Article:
How to Use Lion’s Versioning and Auto Save to “Save As…”


David Writes: After upgrading to Lion, applications that support versioning, such as Pages, have drastically changed the way that users can access and modify old versions of documents.  For example, if I look at an old document in Pages, the application offers to revert the current version to the old version for me.  This may be helpful in some situations but isn’t what I always want.  In short, what is the proper method in Lion to make a change to a document and give it a new file name (i.e., how do I perform what used to be known as a “Save As…” function)?


To start off at a high level, Apple has a support article, HT4753, entitled “OS X Lion: About Auto Save and Versions.” This gives a nice overview of how Lion currently handles saving files in those applications that support versioning.

Save as now lives in the Duplicate menu item “Save As…” is replaced by “Duplicate” in OS X Lion 

As discussed in HT4753, there is a new function in the File Menu called “Duplicate.”  Selecting this option will create a duplicate of the document as it currently stands.  Choosing to “Save” this duplicate copy will present to the user a Save File menu in which the user can relocate or rename this copy.  It’s now two steps instead of the one previous step, but the Duplicate -> Save combination effectively reproduces the functionality of “Save As…”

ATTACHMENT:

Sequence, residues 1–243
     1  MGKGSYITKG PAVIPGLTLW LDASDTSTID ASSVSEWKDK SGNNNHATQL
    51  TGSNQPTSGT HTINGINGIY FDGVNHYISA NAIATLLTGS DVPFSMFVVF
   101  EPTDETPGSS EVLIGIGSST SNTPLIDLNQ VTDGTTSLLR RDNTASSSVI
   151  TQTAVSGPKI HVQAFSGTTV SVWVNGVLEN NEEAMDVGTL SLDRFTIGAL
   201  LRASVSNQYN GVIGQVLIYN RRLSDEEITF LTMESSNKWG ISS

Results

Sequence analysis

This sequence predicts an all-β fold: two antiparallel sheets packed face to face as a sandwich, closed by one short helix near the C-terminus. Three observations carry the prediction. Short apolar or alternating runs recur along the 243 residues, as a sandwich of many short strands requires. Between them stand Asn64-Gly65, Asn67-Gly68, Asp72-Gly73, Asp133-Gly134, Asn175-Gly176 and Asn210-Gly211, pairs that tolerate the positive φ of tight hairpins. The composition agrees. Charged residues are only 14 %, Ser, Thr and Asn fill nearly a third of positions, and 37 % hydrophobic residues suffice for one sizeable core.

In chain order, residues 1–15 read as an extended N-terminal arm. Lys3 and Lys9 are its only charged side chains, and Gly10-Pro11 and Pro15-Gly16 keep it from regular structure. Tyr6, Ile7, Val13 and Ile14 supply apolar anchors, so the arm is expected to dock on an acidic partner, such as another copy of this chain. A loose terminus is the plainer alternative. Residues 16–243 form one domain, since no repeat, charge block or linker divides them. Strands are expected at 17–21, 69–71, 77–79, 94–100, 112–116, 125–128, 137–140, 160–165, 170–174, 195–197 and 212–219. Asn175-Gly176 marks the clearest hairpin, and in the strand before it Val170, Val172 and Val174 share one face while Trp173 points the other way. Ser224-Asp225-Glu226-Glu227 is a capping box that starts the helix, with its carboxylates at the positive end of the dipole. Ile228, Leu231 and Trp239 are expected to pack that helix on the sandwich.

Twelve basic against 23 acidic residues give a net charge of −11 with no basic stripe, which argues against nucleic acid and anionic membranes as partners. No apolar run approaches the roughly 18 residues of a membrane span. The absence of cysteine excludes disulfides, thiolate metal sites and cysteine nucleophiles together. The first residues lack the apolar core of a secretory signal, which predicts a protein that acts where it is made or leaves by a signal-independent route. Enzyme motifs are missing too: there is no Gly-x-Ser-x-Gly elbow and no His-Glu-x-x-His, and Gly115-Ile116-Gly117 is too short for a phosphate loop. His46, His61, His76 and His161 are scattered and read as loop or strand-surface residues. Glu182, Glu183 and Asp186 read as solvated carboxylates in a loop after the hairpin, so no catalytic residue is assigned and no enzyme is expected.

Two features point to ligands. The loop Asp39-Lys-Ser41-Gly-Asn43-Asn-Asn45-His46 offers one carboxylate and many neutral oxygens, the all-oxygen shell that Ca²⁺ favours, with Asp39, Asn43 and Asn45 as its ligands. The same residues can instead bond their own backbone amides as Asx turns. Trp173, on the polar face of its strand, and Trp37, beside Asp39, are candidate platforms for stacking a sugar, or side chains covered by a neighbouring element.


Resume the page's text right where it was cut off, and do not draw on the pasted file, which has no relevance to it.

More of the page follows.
As an alternative, Dave Hamilton presents a different workflow methodology:  Before opening the file you wish to duplicate (or Save As), highlight it in Finder and press Command-D, which creates another file of the same file name with “copy” appended to the end.  From there, immediately rename or relocate the file and, once complete, proceed to open and modify the file as desired.  This gives the user the same result as “Save As…” and its Lion counterpart, but minimizes the risk of unintentionally modifying the wrong file or forgetting to “Save As” or “Duplicate.”

Use Time Machine System Preferences to alter Lock settingsChange or remove the time after which Lion will lock your documents

A small caveat to this approach: Lion by default will lock files two weeks after their last edit.  This functionality can be modified or removed under the “Options” menu in the Time Machine section of System Preferences.